Study 5: The Kingdom of God
Defining The Kingdom | The Kingdom Is Not Now Established | The Kingdom Of God In The Past | The Kingdom Of God In The Future | The Millennium | Digressions (The Literality of the Kingdom, Summary of the History of Israel) | Questions

5.4 The Kingdom Of God In The Future

Sections 1 and 3 of this Study have yielded a fair amount of information concerning what this Kingdom will be like. We have seen that Abraham was promised that through his Seed people from all parts of the world will be blessed; Rom. 4:13 extends this to mean that the whole earth will be inherited by those people who are 'in' Abraham's Seed, i.e. Christ. The image prophecy of Dan. 2 explains how Christ will return as the little stone, and then the kingdom will gradually spread world-wide (cp. Ps. 72:8). This means that the Kingdom of God will not just be located in Jerusalem or the land of Israel, as some maintain, although these areas will certainly be its heartland.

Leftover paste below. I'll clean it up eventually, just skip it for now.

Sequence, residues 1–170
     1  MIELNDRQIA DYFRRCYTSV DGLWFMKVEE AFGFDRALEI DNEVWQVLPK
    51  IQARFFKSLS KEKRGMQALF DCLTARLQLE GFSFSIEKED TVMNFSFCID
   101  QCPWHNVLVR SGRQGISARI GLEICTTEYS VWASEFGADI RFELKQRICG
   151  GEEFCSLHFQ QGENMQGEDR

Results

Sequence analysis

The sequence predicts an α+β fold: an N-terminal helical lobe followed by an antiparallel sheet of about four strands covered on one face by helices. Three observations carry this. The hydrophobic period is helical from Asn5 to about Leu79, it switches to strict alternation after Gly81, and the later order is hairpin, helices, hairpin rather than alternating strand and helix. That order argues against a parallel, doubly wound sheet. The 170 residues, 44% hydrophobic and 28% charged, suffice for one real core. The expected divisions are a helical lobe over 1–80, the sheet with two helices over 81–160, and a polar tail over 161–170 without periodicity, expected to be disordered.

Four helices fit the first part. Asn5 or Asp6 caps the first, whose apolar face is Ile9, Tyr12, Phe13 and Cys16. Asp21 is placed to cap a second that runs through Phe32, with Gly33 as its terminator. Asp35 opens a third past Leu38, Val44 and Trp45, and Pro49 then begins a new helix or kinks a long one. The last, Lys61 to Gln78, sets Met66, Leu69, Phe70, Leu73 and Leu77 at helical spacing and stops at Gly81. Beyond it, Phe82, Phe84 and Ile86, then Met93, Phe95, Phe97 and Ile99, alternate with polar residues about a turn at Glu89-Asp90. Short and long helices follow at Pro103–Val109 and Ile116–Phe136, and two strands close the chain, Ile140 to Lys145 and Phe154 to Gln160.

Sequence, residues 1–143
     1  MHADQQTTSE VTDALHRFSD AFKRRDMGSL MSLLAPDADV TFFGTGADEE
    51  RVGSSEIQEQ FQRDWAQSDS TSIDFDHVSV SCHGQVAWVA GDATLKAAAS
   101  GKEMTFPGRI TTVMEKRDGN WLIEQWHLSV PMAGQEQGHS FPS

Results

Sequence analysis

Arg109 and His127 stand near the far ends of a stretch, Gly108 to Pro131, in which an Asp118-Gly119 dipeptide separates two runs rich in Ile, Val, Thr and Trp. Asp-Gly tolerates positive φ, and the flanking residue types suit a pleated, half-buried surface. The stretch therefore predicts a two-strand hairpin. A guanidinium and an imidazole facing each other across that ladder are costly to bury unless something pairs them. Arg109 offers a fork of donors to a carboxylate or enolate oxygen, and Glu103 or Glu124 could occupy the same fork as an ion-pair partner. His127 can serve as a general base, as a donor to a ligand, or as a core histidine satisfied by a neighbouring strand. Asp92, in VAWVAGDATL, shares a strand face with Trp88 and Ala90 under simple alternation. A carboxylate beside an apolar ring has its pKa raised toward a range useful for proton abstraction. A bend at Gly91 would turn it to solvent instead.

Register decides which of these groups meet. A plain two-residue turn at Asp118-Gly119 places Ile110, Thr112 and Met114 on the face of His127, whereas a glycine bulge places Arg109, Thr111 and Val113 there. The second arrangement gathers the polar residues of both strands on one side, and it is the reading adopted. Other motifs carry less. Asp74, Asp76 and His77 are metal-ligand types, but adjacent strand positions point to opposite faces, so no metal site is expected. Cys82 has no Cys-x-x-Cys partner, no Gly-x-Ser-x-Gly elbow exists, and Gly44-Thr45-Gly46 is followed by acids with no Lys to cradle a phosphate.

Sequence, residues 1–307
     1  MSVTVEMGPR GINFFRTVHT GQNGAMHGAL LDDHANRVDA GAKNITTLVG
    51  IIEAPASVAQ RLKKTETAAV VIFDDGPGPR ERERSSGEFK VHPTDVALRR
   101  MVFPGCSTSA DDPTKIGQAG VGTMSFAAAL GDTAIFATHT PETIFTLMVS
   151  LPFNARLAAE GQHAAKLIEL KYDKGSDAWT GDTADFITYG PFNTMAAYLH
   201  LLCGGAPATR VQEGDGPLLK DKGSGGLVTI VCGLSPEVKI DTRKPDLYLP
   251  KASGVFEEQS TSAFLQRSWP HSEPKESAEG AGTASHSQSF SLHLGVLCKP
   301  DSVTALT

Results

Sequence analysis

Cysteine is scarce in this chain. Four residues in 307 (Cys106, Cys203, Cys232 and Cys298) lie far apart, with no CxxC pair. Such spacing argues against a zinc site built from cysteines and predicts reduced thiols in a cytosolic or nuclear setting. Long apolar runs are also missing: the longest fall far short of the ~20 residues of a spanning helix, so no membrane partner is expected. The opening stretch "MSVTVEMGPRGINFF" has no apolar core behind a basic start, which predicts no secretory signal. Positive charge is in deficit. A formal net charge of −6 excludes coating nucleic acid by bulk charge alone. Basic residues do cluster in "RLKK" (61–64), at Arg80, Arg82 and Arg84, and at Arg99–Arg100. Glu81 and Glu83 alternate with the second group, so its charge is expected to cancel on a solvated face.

Those who follow Christ in this life will be "kings and priests; and we shall reign on the earth" (Rev. 5:10). We will rule over settlements of various sizes and number; one will rule over ten cities, another over five (Luke 19:17). Christ will share his rulership over the earth with us (Rev. 2:27; 2 Tim. 2:12). "A king (Jesus) shall reign in righteousness, and princes (the believers) shall rule in judgment" (Isa. 32:1; Ps. 45:16).

Christ is to reign for ever on David's re-established throne (Luke 1:32,33), i.e. he will have David's place and position of rulership, which was in Jerusalem. As Christ will reign from Jerusalem, this will be the capital of the future Kingdom. It is in this area that a temple will be built (Eze. 40-48). Whilst people will be praising God at various places world-wide (Mal. 1:11), this temple will be the focal point of the world's worship. Nations "will go up from year to year to worship the King, the Lord of hosts, and to keep the feast of tabernacles" around the temple in Jerusalem (Zech. 14:16).